STAR WARS: THE CLONE WARS
George Lucas finally showed us how Anakin Skywalker became Darth Vader in Revenge of the Sith and it seemed that that would be the last we would hear from the Star Wars universe. However in 2006, Lucas announced he would be bringing Star Wars to television as an animated tv series Star Wars: The Clone Wars (2008-14). This appears to be a remake of another animated tv series Star Wars: The Clone Wars (2003-5), which consisted of three seasons of five minute episodes (25 episodes in all) that aired on the US Cartoon Network. The new Clone Wars series then morphed into this animated film, which was released as an advance rider to gather interest for the new tv series. In terms of the Star Wars universes internal chronology The Clone Wars would appear to sit somewhere between the events of Attack of the Clones and Revenge of the Sith.
The Clone Wars received a good many Star Wars Lite-type reviews. The truth though is that Star Wars has been lite ever since George Lucas started on the prequels. Indeed, the prequels became so obsessed with cutting edge computer-generated effects technology at the expense of the human element that the only real difference between watching The Clone Wars and one of the prequels is that there are no live-action actors here.
The main problem with watching Star Wars: The Clone Wars is that one has seen enough of the Star Wars universe that by now it has become overly familiar. In the 1980s, watching the X-Wing attack on the Death Star, the battle with Walkers on Hoth, the Millennium Falcon dodging around an asteroid belt or Luke Skywalker and Darth Vader in a lightsabre duel was something completely exhilarating. By the time of the prequels, there seemed to be a noticeable strain on George Lucass part to keep coming up with new variations. Certainly, Lucas did do so a handful of times the pod race in The Phantom Menace, the Obi-wan/Anakin duel in Revenge of the Sith but mostly what we ended up seeing was seeing the basics upped in a desire to find novelty one opponent with two lightsabres, one Jedi vs two opponents, a four-armed robot wielding lightsabres etc.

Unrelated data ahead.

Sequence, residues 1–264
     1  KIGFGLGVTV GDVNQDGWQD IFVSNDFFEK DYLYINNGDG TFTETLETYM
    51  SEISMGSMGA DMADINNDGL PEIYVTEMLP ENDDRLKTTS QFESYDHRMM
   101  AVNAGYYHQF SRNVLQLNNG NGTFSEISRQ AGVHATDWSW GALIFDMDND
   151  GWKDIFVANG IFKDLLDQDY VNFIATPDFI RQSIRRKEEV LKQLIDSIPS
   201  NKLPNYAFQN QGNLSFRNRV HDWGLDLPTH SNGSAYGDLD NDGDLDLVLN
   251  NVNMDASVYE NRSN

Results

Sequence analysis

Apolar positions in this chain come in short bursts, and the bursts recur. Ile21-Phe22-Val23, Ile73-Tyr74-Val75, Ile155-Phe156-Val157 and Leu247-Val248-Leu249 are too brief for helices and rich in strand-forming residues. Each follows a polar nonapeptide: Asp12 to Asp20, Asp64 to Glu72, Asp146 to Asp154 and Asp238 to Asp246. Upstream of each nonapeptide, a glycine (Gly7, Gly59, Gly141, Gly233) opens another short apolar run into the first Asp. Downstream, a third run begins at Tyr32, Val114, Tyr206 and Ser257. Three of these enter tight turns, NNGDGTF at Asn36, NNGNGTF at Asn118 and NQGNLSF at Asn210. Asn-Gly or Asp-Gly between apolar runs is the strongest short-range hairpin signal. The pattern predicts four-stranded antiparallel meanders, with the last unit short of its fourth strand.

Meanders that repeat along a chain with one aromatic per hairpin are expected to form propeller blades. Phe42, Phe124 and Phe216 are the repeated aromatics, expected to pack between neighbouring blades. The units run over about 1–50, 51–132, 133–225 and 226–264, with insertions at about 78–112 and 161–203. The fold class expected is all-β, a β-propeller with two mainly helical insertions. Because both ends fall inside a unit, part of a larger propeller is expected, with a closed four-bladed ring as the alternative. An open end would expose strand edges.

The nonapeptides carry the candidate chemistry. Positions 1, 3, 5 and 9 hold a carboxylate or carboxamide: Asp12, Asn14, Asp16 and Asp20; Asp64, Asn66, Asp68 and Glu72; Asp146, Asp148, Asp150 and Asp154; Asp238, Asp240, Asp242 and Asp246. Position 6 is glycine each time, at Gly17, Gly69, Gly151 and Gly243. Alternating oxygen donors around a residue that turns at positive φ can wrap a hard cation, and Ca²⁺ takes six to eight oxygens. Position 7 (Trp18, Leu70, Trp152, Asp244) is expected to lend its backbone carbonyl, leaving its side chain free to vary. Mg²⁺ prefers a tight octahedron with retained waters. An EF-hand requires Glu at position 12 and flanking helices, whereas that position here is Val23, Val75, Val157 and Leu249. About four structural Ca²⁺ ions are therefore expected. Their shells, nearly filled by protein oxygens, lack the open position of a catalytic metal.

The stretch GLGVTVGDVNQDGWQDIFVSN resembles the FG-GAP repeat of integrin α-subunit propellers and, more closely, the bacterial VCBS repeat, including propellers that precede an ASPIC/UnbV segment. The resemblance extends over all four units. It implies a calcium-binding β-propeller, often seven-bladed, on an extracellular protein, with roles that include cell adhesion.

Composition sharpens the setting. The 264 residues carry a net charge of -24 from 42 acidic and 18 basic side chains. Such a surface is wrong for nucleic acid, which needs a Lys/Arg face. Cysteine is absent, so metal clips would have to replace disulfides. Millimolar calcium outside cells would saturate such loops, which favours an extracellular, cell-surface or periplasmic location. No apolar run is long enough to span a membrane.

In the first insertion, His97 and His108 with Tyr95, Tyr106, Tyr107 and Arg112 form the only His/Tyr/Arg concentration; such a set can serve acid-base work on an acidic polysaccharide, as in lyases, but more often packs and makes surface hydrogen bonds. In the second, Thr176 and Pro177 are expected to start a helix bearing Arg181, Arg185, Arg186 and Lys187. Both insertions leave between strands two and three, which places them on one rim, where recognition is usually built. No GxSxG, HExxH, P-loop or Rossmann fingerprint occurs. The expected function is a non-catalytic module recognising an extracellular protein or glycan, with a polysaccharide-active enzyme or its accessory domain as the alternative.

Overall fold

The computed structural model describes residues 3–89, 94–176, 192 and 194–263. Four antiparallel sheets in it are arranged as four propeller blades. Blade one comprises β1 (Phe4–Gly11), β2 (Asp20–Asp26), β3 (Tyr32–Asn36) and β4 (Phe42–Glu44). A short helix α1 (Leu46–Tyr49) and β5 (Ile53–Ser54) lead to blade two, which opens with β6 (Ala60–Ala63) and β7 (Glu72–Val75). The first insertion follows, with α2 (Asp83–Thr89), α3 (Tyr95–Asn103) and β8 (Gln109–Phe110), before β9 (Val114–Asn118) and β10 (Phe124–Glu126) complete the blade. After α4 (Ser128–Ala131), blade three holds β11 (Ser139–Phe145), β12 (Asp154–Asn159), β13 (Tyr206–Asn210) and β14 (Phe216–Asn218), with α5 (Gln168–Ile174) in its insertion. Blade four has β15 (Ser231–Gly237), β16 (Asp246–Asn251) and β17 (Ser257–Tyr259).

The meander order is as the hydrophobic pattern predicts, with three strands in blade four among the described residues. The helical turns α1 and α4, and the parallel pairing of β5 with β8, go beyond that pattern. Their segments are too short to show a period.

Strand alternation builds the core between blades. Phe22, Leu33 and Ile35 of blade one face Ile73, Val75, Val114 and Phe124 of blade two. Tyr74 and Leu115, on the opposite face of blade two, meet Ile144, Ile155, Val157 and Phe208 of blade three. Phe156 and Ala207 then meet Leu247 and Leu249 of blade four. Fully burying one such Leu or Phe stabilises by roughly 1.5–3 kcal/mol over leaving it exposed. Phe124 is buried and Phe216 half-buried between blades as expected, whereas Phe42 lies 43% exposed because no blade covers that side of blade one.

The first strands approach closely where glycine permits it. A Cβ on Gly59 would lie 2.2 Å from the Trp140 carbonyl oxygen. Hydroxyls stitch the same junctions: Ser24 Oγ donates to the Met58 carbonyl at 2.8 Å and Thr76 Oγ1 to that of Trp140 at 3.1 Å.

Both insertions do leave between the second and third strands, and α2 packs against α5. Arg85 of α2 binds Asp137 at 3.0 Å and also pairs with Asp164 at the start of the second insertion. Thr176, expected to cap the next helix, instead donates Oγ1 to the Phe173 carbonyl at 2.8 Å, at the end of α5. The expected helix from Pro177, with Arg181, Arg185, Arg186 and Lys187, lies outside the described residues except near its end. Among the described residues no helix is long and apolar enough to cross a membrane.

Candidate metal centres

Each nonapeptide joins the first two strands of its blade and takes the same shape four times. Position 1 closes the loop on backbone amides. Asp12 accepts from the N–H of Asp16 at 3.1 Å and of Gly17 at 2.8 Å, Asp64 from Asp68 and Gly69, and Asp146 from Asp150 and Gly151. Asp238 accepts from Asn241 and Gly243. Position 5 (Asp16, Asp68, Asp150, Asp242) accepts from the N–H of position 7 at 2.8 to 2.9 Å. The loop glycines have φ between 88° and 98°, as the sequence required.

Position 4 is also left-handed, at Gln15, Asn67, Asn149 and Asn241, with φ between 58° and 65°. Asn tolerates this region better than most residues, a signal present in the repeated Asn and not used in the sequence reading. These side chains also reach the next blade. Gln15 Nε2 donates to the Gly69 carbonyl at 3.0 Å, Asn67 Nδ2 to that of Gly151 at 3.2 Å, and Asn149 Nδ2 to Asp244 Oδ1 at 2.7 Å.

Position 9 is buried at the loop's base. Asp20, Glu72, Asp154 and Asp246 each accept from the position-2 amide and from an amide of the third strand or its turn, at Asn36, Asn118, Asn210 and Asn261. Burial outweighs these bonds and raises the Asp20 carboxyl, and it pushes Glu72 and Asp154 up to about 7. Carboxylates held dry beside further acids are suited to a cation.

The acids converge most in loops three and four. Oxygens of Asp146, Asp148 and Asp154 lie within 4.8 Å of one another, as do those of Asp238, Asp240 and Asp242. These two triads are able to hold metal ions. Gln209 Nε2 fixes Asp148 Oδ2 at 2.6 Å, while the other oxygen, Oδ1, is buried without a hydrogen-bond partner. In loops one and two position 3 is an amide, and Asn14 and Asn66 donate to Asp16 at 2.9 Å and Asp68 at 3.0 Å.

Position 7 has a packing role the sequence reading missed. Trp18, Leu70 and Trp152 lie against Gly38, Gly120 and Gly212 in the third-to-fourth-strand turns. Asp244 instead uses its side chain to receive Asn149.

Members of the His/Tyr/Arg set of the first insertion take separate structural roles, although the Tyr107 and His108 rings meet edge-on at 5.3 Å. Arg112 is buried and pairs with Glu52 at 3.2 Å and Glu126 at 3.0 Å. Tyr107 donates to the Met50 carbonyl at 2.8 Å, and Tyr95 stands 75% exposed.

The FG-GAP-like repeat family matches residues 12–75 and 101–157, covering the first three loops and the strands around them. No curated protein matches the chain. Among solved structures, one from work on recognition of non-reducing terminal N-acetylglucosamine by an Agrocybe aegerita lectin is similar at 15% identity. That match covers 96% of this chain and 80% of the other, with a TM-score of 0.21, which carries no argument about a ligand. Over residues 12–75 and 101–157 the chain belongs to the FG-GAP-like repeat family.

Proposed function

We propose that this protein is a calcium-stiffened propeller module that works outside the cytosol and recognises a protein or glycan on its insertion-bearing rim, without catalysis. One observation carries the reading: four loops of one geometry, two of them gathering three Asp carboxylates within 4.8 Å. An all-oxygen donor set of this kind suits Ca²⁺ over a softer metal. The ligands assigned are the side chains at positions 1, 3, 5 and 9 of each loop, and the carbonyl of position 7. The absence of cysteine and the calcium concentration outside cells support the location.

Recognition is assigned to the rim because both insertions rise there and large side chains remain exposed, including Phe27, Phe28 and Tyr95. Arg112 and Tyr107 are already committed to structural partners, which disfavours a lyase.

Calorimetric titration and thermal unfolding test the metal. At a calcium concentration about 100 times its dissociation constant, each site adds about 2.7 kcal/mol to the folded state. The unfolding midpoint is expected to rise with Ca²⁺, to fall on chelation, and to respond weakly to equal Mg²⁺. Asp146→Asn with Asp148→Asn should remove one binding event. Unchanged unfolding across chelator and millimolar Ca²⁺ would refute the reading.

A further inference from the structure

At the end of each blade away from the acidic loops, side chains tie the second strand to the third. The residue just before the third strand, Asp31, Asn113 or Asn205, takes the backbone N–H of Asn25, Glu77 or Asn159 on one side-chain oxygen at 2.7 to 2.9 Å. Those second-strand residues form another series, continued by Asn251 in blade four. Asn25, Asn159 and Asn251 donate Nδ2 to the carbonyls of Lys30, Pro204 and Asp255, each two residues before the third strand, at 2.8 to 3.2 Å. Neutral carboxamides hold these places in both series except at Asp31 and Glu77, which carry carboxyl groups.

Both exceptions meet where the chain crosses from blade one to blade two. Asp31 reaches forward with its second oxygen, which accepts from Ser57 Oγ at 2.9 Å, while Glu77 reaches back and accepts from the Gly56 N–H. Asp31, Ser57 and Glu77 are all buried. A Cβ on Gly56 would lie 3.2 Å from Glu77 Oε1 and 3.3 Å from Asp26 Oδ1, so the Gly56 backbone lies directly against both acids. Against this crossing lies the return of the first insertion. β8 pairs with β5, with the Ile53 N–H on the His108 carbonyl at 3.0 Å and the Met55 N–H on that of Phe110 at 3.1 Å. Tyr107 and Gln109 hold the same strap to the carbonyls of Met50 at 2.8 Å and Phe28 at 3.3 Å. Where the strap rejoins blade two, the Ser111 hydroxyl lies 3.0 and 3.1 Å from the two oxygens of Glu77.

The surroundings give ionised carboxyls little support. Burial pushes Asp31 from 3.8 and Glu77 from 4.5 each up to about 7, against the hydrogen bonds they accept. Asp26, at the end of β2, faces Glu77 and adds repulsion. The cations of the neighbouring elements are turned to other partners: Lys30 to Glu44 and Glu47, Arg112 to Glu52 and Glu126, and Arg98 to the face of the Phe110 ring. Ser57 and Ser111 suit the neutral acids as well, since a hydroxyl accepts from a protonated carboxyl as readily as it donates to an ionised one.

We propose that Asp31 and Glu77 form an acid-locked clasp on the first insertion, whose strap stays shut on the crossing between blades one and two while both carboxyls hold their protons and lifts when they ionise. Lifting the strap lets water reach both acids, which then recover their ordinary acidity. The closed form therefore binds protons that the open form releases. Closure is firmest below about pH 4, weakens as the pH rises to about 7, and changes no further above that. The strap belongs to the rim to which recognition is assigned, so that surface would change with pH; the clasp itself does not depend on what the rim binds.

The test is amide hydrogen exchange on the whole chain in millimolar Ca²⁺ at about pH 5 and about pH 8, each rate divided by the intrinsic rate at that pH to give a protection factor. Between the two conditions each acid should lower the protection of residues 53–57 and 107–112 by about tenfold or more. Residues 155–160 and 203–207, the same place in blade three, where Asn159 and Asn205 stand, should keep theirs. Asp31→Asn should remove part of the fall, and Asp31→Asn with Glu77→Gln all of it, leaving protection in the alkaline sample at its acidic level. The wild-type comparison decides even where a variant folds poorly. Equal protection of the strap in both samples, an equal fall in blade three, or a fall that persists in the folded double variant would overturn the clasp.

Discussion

By the time of Star Wars: The Clone Wars, we get the basics all over again lightsabre duels, flotillas of small tiny ships engaged in combat, battle droids, vast war machines in combat. The very problem with The Clone Wars is that the Star Wars universe is seeming tired. Certainly, had one not seen the prequels, you could commend Dave Filoni for making a film that moves with an undeniable vigour and moments of epic scope. It is just that what we have is the same thing that we have seen through six movies with minimal variation. To stop the Star Wars universe turning stale, George Lucas needs to start coming up with some original moves. Certainly, take away the action scenes here and the story that we have is slim to scanty.
I have reached the point, sadly to report, especially considering that Star Wars was such an essential part of my childhood, where I have grown tired of the Star Wars universe. There is simply not enough complexity and depth beyond the flashy visual effects to make it a place that one wants to keep coming back to not something you could say of the Star Trek and Doctor Who universe or other shows like Babylon 5 (1992-7). Time is well overdue that George Lucas move beyond constantly recycling something that was successful three decades ago and show that he has some other kind of song that he can sing.